The Army inspector general's office has faulted three medical officers and the former commander of Walter Reed Army Medical Center for their pivotal roles in the botched probe of a Fairfax County teenager's 1998 death after what was to have been routine surgery there.
Its report portrays a hospital ill-prepared to investigate the quality of its medical care and demand accountability in complex events. The problems then and now could extend well beyond Walter Reed, the report suggests, and "could be systemic through the Army medical system."
For the 16-year-old's father, William Tyra, the findings are too little, too late. He and six relatives from Connecticut, New York and Texas were flown to Washington last week for a two-hour briefing at the Pentagon. The retired Marine colonel said he quickly realized, with dismay, that the report was silent on how those involved should be held accountable for the troubled investigation into Katie Tyra's death.
"I was hoping I could walk away from this," said Tyra, who early on had alleged a military coverup of the tragedy. "The Army has failed to hold anyone accountable . . . and presented no evidence that the systems that failed to protect Katie have changed."
The 200-plus-page report followed the inspector general agency's review of thousands of pages of medical records, court martial material and interviews with nearly 100 witnesses.
It ultimately substantiated six allegations against Walter Reed's top doctor, a surgeon and anesthesiologist involved in the case and the physician brought in to determine what had gone wrong.
The inspector general's office also confirmed eight broader problems at the Army's premier medical facility, including its failure to ensure the accuracy and timeliness of medical records and assess quality of care. One of the hospital's initial internal reviews lasted less than an hour, and those conducting it did not question any medical staff members who had been part of Katie's care and incorrectly decided that her care had adhered to proper standards, the inspector general said.
The Army released a short statement late Tuesday in response to the report. "Appropriate action has or will be taken in the case of personal failures," the statement said. "Systemic issues are being addressed by the surgeon general."
Officials declined to elaborate yesterday on the statement.
Katie was a healthy sophomore at Hayfield Secondary School in Fairfax when she went to Walter Reed in April 1998 to have a benign cyst excised from her neck. She never got into surgery. Instead, minutes after kissing her parents goodbye in the operating room, she went into cardiac arrest when an anesthesiologist improperly administered a major dose of antibiotic.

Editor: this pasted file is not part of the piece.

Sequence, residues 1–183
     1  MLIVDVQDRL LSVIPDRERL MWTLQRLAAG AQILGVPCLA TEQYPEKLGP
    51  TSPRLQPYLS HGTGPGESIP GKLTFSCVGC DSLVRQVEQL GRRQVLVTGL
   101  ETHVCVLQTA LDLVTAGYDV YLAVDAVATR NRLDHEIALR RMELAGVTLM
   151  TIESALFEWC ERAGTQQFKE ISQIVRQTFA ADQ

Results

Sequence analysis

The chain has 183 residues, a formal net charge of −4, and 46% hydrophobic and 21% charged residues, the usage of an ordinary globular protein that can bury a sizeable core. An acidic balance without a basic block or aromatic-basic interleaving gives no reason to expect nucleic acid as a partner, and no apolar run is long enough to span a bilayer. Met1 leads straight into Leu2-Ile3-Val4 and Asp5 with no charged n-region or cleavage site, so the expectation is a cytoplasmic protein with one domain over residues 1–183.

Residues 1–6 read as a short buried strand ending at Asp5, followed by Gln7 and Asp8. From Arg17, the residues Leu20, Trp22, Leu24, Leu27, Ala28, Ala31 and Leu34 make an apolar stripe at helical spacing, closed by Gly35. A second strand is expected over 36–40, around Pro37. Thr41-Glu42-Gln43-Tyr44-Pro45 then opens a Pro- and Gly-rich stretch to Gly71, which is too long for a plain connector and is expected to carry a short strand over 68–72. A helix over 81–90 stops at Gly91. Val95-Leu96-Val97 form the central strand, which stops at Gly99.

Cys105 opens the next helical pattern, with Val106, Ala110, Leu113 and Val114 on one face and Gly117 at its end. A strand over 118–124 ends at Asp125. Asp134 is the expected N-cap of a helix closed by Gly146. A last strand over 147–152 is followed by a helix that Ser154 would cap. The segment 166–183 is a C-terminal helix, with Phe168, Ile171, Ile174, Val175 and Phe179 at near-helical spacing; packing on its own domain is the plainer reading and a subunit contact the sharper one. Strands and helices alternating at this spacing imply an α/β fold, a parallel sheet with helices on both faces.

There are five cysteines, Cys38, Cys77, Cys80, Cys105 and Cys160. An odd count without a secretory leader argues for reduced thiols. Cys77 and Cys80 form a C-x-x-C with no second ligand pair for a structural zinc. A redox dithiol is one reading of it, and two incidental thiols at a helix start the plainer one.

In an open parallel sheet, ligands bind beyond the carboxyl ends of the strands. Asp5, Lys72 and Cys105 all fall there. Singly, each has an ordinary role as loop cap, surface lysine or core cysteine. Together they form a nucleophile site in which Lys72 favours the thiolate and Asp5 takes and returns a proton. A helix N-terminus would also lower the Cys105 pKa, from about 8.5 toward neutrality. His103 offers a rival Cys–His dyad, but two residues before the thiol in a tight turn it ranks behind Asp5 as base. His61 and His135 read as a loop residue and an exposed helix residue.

Michael G. Hamner, then a captain in his third year of residency, lied for months about how much clindamycin he had given Katie and how quickly. He subsequently pleaded guilty at a 2001 court-martial to falsifying statements and was found guilty of dereliction of duty. Though he faced up to 26 years behind bars, he was not sentenced to prison but dismissed dishonorably from the service. He was not barred from practicing medicine.
The next year, the Army settled a civil case brought by the Tyra family for $1 million.
The inspector general's report focused on four other people. It found "a willful failure" on the part of Hamner's immediate superior, Maj. Byron Edmond, to ensure that Katie's medical records were accurate and complete. Edmond, who is still on staff at Walter Reed, deferred comment to his attorney, who did not return a call to his office yesterday.
The report also cited Katie's surgeon, Air Force Lt. Col. Eric Mair, saying "a preponderance of evidence" showed that he had improperly altered her records after her death so that it appeared she had received significantly less clindamycin. Mair, now stationed at Wilford Hall Medical Center in Texas, declined to comment through a spokesman at the center, who cited "the possibility of future litigation."
The inspector general said anesthesiologist Thomas Pennington, the now-retired Army colonel selected by Walter Reed's top commander to look into the case in late 1998, "improperly failed to ascertain and consider the evidence on all sides of each issue." The report also found that he knowingly made false oral or written statements to other military authorities. Pennington, also now at Wilford Hall, declined through the center's spokesman to comment.
Retired Col. Frederick Erdtmann, who led Walter Reed at the time, was cited for failing to "take appropriate actions" after Hamner's admission of his mistakes. His military attorney, Lt. Col. Victor Hansen, defended Erdtmann's "very aggressive" measures in initiating a probe and said the substantiated allegation dealt narrowly with the lag time before Hamner was relieved of medical duties. Hansen said he had yet to see the full report.
William Tyra has pushed for a full accounting of his daughter's death and has pressed the American Board of Anesthesiology to review Hamner's board certification in anesthesia, citing, among other details, the physician's military conviction.
Tyra received a reply last week. "After reviewing the evidence and considering these facts in this tragic situation," the organization's letter read, "the ABA Board of Directors determined not to initiate proceedings to revoke Dr. Hamner's certification." The president of the board did not return calls yesterday.